Haberman: Part of my committee's job was to determine what the cost of the system would be and whether there would be a valid return on it. We had to show a return for the entire industry. We did that through hard savings -- labor savings and some savings in shrink. We took very little soft-cost savings into account.
We were looking at something over $100,000 to outfit an average store in the early 1970s. We were sure that would drop to $25,000 to $50,000 over time. We were able to go ahead because there was a return even at the high point of cost. The early adopters would get a valid return on investment, and you didn't have to go too long before volume production savings would reduce the cost to something very reasonable. Then, the return on investment would increase dramatically.
RFID Journal: Are there any major differences between the effort to create the bar code and what's happening now with RFID?
Haberman: One difference is our effort was only in the United States. EAN didn't come around until four or five years after the UCC. Now, we have a global supply chain, and the effort comprises the whole world. Another difference is that the Auto-ID Center is building on the structure that UCC and EAN put together --and computers have developed beyond our fondest dreams. We didn't have anything to build on.
And the Electronic Product Code doesn't just apply to the grocery industry. It was conceived to apply to all industries and all areas where identification is necessary, including the distribution system, logistics and marketing. The bar code started with the marketing system, and it took years to get it into distribution. Now, we're doing it all at once.
Another important difference is that our hard cost savings at the checkout required little integration into or change in surrounding systems and technology. To get other benefits, however, you had to change the way you did business. We have always been disappointed by how little of those gains were earned. Will industry make the systemic changes required by the EPC? I worry a lot about that.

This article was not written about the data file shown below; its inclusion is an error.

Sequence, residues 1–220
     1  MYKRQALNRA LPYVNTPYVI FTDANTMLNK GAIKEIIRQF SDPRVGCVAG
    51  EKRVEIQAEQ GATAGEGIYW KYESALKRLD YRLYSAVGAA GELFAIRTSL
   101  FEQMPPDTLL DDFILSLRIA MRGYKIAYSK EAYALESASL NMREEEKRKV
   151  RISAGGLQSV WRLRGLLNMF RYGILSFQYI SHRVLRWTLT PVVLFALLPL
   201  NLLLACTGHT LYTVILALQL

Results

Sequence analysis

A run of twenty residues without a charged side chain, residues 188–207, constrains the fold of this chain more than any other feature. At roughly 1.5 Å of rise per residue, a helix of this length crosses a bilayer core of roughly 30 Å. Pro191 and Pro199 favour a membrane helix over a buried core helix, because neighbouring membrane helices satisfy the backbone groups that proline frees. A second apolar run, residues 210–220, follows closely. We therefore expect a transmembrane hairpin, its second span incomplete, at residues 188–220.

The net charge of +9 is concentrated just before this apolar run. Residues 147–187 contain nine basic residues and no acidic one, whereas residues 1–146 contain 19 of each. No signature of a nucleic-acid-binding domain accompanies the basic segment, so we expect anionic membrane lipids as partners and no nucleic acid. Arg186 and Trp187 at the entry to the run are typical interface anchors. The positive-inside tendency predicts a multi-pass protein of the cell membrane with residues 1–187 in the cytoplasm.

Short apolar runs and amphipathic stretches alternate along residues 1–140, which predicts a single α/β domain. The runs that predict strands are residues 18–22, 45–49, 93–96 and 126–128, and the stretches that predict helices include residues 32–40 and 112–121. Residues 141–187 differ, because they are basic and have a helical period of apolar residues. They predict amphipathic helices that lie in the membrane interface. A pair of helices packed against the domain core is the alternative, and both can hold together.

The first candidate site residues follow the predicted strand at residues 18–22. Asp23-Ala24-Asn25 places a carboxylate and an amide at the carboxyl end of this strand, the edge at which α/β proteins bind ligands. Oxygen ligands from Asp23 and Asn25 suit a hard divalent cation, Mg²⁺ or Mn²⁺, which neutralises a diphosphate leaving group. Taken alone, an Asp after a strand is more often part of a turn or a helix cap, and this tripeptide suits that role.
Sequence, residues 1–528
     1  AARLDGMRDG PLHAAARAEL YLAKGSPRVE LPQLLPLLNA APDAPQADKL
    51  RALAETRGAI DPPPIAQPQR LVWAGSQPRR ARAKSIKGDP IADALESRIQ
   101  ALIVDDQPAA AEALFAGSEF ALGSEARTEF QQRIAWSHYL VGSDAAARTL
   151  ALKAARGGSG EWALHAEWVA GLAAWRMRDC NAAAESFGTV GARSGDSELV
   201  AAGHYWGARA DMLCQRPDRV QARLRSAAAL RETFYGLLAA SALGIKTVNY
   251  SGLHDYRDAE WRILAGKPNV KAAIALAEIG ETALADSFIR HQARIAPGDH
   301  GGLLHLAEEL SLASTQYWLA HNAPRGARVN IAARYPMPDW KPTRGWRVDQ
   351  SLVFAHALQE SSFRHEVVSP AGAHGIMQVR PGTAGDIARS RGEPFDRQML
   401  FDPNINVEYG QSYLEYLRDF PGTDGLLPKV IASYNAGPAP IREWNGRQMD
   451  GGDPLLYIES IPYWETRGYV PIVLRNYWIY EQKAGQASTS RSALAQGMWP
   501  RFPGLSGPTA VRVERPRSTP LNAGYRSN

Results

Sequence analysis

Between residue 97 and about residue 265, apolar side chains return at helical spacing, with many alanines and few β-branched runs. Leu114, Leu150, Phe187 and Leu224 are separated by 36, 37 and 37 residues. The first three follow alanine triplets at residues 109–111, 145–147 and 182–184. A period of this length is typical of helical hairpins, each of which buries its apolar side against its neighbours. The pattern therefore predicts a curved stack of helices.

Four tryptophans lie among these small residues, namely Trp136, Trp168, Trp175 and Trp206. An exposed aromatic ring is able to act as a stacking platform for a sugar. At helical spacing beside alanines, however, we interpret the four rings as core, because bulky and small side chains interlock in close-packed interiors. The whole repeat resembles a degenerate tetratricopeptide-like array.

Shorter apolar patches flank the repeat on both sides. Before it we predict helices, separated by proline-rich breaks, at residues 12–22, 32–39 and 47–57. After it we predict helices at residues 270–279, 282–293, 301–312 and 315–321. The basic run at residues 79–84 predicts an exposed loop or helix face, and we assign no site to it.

RFID Journal: The UCC is backing the GTag standard and the EPC. Is there a conflict between the two?
Haberman: No. The GTag proposed standard says it will be compliant with the EPC and the EPC proposed designs would be compliant with GTag. All GTag is doing is identifying the SKU, like you do today with bar codes. It doesn't change the whole infrastructure that you have to deal with, so it gives you the opportunity to move step by step into EPC, where every item is identified. People don't understand that EPC, as envisioned, requires a tremendous change in information and system management to realize the huge potential benefits. You identify only the item, and everything else is done by reference to databases connected via the Internet. That's a tremendous change, and reality demands that it be done in intelligent and planned steps over time.
RFID Journal: There are a lot of people who say they'd rather stick with bar codes because they are cheaper. What's your response?
Haberman: There are always those who want to stay with the old system. There are lots of people who won't spend the time to determine the return on investment. An RFID tag may never approach the cost of a bar code printed on a label, but the returns will be terrific. There were lots people who went out of business because they didn't keep up with bar code technology. The same thing will happen again. But EAN and UCC have determined to help industry coalesce around RFID technology. That helps move things along and leads to an open, widely accepted system.